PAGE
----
The Innovator's Mindset: Empower Learning, Unleash Talent, and Lead a Culture of Creativity

  • by George Couros


    Jill Siler Review by Gunter ISD Superintendent Jill Siler
    “Our job as leaders is to make sure that innovation isn’t simply a word but a mindset that intentionally and consistently shapes our daily practice.”

    There is so much talk in education about innovation, transformation, future-ready and the like that it can be overwhelming. If we’re really honest with ourselves, it can even be daunting. In our social media world, we hear snippets of our neighboring districts and their showcase programs or activities and we think that “innovation” must mean when students build rockets or hovercrafts or when lessons are personalized for every child or when every student uses a device seamlessly every day.

    What I love about George Couros’ work is that it takes this nebulous concept of innovation and grounds it in powerful meaning for educators. The goal is for classrooms to be learner-focused and allow for student voice, choice, time for reflection, opportunities for innovation, critical thinking, problem solving/finding, self-assessment, and connected learning. None of those elements cost money but they do require having an Innovator’s Mindset, which Couros describes masterfully.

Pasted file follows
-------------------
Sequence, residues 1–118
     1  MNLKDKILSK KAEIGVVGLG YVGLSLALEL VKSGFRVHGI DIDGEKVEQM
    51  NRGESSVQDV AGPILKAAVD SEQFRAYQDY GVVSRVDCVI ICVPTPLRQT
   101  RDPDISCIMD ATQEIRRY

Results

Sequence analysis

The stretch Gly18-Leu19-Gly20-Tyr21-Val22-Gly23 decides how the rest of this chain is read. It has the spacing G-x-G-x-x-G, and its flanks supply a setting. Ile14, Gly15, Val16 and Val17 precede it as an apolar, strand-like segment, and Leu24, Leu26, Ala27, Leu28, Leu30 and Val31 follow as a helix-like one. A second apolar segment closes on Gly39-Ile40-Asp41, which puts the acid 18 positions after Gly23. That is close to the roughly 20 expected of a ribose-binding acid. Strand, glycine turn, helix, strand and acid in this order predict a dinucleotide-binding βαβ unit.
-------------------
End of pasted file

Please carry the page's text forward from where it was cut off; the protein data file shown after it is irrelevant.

Innovator's Mindset Couros begins by sharing the characteristics of an innovator’s mindset—things like being empathetic, taking risks and becoming more reflective. The book then shares how to lay the groundwork for innovation including developing relationships, modeling what we seek, empowering our people and creating a shared vision. He concludes with how we can unleash talent in our own school communities and create environments that foster innovation.

    Dave Burgess (author of “Teach Like a Pirate”), wrote in the book’s foreword, “don’t be disappointed that there is no map, no step by step plan to take you to the educational Promise Land.” He instead noted that this book is a starting point, and hopefully an impetus for further conversation and perhaps will even cause discomfort as readers begin to question long-held beliefs about teaching and learning.
    This was definitely the case for our leadership team as we embarked on reading Couros’ work together. We found ourselves shifting from a goal of engaging students to one of empowering students; we began to see the role of technology differently in light of how he contrasted what we want our students doing with technology (making prezi’s and starting blogs vs. raising awareness and making a difference in the world); and we began talking differently about professional development in light of the conversations we were having around student learning.

    While the writing in the book is both tangible and profound, the multimedia resources included led to rich discussions amongst our leadership team. Every chapter had a dozen or more resources including TedTalks, illustrations, blog posts, videos, books and articles, etc. The way these ideas, images and stories were embedded within the writing enhanced our conversation, and more importantly, began trickling into faculty meetings, board dialogue, strategic planning sessions and teacher conversations.
    Our district recently launched a Strategic Planning initiative, and I am so thankful that our leadership team dove deeply into this book in the months leading up to it. Our district will be forever impacted by the conversations that stemmed from Couros’ work.